Synopsis: Mary Harron, director of American Psycho and I Shot Andy Warhol, has just released her newest true crime film Charlie Says (2019). Headlining stars such as Matt Smith, this film asks its viewer to recontextualize the myth of the Manson family cult to become more understanding of the women who were trapped in his abuse, especially protagonist Leslie Van Houten played by Hannah Murray. (AEG: 4.5/5)
Review by FF2 Intern Anika Guttormson
Mary Harron’s latest film Charlie Says sheds a new light on the lives of the three women sentenced to death in California in the wake of the Tate-LaBianca murders. The story follows Leslie Van Houten (as Hannah Murray), Patricia Krenwinkel (as Sosie Bacon) and Susan Atkins (as Marianne Rendón) as they enter the fold of Charles Manson’s cult and devolve from wide-eyed young women looking for escape to brainwashed followers. Written by Guinevere Turner, and inspired by novels by Karlene Faith and Ed Sanders, this film asks its audience to grapple with the difficult nature of psychological abuse and perhaps come to have some empathy for the woman who were roped into Manson’s ideology.
Harron carefully examines the play between sympathy and accountability in a way that few directors would be able to approach. This is due in large part to the incredible script by Guinevere Turner, who herself grew up in a cult. It is through Turner’s insight that the audience is able to develop a complex understanding of protagonist Leslie Van Houten’s situation.
The first night that Leslie spends at the Manson ranch, the group travels up into the mountains to set up a campfire. Here, in a graphic display, Manson has “his” girls forcefully undress one of the women. Watching her humiliation, Manson showers her in compliments, insisting over and over again that she is perfect. He turns her around and shows the group her surgical scars, and begins yelling that her parents’ greed and desire to operate on her are the reasons for her insecurity, therefore not “her fault.” This seriously twisted display of affection—manipulating a vulnerable young woman through a mix of humiliation and affirmation—gives deep insight into the methodology that Manson (and many other cult personalities) use to lure in followers.
Charles Manson himself is played by actor Matt Smith (best known for Doctor Who). Smith’s layered and heavy performance was a highlight of film. He is able to encapsulate not only the ferocity and madness of Charles Manson but also his uncanny charm and desirability. Through Smith’s acting, it becomes clear why so many women were drawn to this man.
Even so, Manson’s moments of affection always contain an edge, and Smith shows us the deep anger festering under the surface of his seemingly gentle facade. When this edge devolves into severe violence and abuse Smith ably captures the shifting nature of this serial abuser. Walking the line between being both commanding as well as deeply defensive and insecure would be difficult for any actor, but Smith combines these facets of Manson’s personality through his sheer talent.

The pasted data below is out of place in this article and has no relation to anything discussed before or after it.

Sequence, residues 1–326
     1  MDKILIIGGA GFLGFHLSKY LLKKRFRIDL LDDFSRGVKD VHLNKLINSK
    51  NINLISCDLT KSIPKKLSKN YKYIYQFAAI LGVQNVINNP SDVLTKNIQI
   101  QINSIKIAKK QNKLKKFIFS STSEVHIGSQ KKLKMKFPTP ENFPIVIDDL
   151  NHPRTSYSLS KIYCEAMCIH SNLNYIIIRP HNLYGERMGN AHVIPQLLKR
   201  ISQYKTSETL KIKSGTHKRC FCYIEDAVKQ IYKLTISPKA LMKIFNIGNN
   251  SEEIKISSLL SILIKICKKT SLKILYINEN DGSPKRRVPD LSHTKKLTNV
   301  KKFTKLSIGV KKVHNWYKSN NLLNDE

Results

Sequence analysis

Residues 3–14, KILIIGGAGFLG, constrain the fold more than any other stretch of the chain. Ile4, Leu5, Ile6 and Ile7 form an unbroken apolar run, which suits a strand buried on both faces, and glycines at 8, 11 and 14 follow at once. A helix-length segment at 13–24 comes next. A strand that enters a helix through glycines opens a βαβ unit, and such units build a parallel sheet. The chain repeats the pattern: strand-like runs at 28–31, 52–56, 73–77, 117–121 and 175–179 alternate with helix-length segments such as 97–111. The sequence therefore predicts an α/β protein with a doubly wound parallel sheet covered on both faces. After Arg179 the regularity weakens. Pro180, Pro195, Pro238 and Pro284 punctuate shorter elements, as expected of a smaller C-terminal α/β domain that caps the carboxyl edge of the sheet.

Intertwined with the story of the girls on the Manson family ranch is a second plot that follows Leslie Van Houten, Patricia Krenwinkel and Susan Atkins in prison. Graduate student Karlene Faith (played by Merritt Wever) is selected to teach the girls about the outside world. Right away, Faith creates a women’s studies curriculum for them and has them read feminist literature in an attempt to have them gain some self-understanding.
These scenes wherein the girls are forced to grapple with the truth and break down the walls that Manson has built within their heads are thought-provoking and upsetting, but ultimately feel less insightful than the scenes of the girls on the ranch. Unfortunately, prison sequences that could have been used to more deeply explore the three women’s relationships to one another read more like filler to divide up the high tension of life on the ranch, instead of developed moments in their own right.
After the film Mary Harron spoke at a Q&A about the thought process behind the creation of Charlie Says. She explained being drawn to film as an art form because she felt she had something important to say, even if she was still figuring out the best way to say it. It’s because of this desire to shed light on the stories that society has ignored that first drew her to Guinevere Turner’s script. Through her insight, Charlie Says delivers a fantastic job of offering an empathetic look into the lives of Charles Manson’s often overlooked victims without becoming exploitative. Mary Harron delivers once again in this shocking film that is sure to be embraced by many women in the audience.
© Anika Guttormson (05/15/19) FF2 Media
Photo Credits: IMDB
Q: Does Charlie Says pass the Bechdel-Wallace Test?